When I arrived at the store, the woman at the counter gave me a slim, hardcover book bound in green. “Have her read Psalm 23,” I heard Mother Lil tell the woman.
The Lord is my shepherd, I shall not want
I’d been raised on Bible verses. The Franciscans sang the entire mass, in a chapel suffused with Sunday morning sunshine. But what I remembered was Paul’s Letters to the Corinthians. What I remembered was the dingy gray Cathedral where a fat Archbishop in a gaudy dress rubbed oil on my forehead and told me to go forth and be a soldier of the Lord.
Dear Mr. Keillor:
I am writing in response to your recent article in Salon.com criticizing Cambridge, my home church of First Parish Cambridge (Unitarian Universalist), and the Unitarian Universalist faith in general.
I have been a loyal listener of Prairie Home Companion since you first went on the air in the 1970s. I have always loved listening to the News from Lake Wobegon, the gentle and forgiving and open-eyed way that you described the imperfect and well-meaning individuals from a small town in Minnesota that seems to resemble your own. I listen to the Writer’s Almanac every day. In many ways, your soothing voice and gentle words have followed me all the days of my life. I have dwelt in the house of public radio my whole life long. Your work has been a source of comfort and inspiration to me since I was a small child.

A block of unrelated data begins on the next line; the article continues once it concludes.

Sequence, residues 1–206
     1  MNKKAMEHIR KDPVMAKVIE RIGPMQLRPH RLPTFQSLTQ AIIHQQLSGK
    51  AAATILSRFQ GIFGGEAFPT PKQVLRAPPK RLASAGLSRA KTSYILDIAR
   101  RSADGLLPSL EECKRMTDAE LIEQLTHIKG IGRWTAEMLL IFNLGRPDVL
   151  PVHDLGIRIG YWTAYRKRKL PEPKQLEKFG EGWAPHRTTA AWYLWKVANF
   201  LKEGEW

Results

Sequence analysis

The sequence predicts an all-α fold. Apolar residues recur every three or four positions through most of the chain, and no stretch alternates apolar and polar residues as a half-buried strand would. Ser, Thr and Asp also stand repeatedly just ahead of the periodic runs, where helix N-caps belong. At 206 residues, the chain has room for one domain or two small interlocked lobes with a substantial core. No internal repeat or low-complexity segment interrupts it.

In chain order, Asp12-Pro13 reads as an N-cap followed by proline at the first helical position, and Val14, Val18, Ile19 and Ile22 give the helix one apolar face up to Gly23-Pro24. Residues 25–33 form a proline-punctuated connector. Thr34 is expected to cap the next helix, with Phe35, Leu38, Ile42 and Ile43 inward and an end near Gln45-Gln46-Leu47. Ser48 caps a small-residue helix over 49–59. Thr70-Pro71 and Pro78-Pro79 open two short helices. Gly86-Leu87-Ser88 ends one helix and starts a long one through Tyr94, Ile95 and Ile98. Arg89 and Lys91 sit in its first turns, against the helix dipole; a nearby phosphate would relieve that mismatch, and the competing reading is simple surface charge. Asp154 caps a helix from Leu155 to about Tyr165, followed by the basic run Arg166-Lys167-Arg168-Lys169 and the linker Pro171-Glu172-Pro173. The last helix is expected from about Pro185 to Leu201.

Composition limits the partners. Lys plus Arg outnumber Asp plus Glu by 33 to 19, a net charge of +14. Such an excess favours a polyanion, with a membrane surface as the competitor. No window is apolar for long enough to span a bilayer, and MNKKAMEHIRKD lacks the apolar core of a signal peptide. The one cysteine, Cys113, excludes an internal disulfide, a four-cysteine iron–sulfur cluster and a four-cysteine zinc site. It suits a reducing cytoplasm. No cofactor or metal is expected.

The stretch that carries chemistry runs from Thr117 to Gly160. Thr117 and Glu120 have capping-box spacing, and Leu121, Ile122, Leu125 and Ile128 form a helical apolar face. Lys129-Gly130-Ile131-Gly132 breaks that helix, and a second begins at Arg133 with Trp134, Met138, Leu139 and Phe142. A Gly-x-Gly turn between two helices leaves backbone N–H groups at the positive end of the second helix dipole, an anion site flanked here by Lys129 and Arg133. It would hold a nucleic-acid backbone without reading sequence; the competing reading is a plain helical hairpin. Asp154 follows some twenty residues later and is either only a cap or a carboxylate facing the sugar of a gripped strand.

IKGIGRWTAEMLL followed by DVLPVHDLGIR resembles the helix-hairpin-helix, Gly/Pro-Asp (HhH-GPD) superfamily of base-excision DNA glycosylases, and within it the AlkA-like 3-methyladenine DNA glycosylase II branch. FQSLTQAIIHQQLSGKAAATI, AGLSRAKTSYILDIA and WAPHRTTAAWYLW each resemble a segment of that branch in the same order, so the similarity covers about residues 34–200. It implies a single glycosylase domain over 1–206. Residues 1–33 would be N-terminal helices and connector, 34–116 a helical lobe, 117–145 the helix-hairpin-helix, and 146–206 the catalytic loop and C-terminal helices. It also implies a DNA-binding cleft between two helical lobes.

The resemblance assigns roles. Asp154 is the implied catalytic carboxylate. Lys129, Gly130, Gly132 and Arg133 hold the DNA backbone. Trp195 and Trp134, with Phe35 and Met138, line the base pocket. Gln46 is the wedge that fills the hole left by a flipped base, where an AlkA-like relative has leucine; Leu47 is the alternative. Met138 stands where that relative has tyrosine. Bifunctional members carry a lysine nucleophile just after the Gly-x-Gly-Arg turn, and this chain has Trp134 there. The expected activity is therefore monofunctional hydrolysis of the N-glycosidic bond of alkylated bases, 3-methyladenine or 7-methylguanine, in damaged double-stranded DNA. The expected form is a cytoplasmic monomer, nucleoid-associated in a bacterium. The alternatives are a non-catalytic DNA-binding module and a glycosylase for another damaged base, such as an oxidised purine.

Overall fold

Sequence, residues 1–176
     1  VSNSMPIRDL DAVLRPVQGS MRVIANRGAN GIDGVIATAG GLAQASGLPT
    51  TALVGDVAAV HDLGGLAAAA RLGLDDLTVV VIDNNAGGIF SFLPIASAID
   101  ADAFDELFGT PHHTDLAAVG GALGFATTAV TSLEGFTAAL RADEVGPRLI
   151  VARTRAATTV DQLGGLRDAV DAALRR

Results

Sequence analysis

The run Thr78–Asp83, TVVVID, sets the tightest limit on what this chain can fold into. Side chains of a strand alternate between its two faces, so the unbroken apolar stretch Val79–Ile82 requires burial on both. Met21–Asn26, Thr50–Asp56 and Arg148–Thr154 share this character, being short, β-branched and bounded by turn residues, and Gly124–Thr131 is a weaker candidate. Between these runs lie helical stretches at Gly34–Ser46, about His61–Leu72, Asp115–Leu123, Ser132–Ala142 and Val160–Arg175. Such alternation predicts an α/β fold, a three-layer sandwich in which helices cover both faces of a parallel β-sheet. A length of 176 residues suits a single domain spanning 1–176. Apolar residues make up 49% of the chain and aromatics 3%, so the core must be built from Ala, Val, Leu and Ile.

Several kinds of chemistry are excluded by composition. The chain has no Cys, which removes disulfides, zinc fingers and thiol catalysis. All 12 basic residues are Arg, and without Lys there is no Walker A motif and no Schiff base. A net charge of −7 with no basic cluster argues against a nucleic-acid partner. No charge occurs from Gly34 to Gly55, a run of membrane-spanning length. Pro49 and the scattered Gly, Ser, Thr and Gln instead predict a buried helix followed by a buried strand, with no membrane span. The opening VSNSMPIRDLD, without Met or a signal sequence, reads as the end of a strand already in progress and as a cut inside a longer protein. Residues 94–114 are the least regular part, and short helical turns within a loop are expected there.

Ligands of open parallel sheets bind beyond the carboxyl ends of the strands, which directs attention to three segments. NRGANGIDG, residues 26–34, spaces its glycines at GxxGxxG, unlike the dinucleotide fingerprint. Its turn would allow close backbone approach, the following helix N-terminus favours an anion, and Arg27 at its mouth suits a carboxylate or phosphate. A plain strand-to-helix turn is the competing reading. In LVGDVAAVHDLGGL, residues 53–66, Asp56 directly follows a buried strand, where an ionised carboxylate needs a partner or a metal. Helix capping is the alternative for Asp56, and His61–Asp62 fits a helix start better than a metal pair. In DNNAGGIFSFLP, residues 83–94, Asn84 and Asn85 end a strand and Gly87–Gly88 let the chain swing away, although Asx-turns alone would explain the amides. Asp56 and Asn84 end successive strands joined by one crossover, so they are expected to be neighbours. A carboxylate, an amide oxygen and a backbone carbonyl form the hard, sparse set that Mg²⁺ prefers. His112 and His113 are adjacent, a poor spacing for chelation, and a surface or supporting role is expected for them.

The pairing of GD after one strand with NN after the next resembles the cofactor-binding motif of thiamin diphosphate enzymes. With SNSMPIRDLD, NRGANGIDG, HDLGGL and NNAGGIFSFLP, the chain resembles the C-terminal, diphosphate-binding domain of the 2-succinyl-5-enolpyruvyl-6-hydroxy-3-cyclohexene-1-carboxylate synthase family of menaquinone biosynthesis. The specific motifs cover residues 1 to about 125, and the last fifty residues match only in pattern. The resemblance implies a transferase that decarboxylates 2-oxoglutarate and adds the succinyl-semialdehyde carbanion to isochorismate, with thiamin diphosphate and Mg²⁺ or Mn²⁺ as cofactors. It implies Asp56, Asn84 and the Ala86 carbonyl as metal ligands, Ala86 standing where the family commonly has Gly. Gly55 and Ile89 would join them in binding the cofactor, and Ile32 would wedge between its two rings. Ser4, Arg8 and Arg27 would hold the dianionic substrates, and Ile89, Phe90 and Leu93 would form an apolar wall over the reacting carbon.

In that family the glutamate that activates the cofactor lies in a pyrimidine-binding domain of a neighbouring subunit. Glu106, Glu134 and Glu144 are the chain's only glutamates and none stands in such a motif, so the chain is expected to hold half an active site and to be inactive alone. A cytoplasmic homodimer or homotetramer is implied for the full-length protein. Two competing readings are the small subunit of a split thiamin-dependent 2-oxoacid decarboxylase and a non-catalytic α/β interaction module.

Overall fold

That is why your recent article was particularly dismaying and disappointing to me. I am not angry about what you wrote, Mr. Keillor, just very, very hurt.
In one of your stories, you describe a young man who is a dancer in New York City. In this story, you describe how much easier his life would be if he were desperately attracted to the woman who shared his apartment. But he is not attracted to women. You go on to say, “his life would also have been easier if he were a lawyer.” Like that dancer in New York, I discovered some things about myself that have been very hard for me — and many people — to accept. I am a bisexual woman, and I am a witch. Neither of these things did I choose for myself, anymore than I chose to have blue eyes. These labels do not define me, but they are a part of my identity, just as much as my blue eyes and my love for Prairie Home Companion.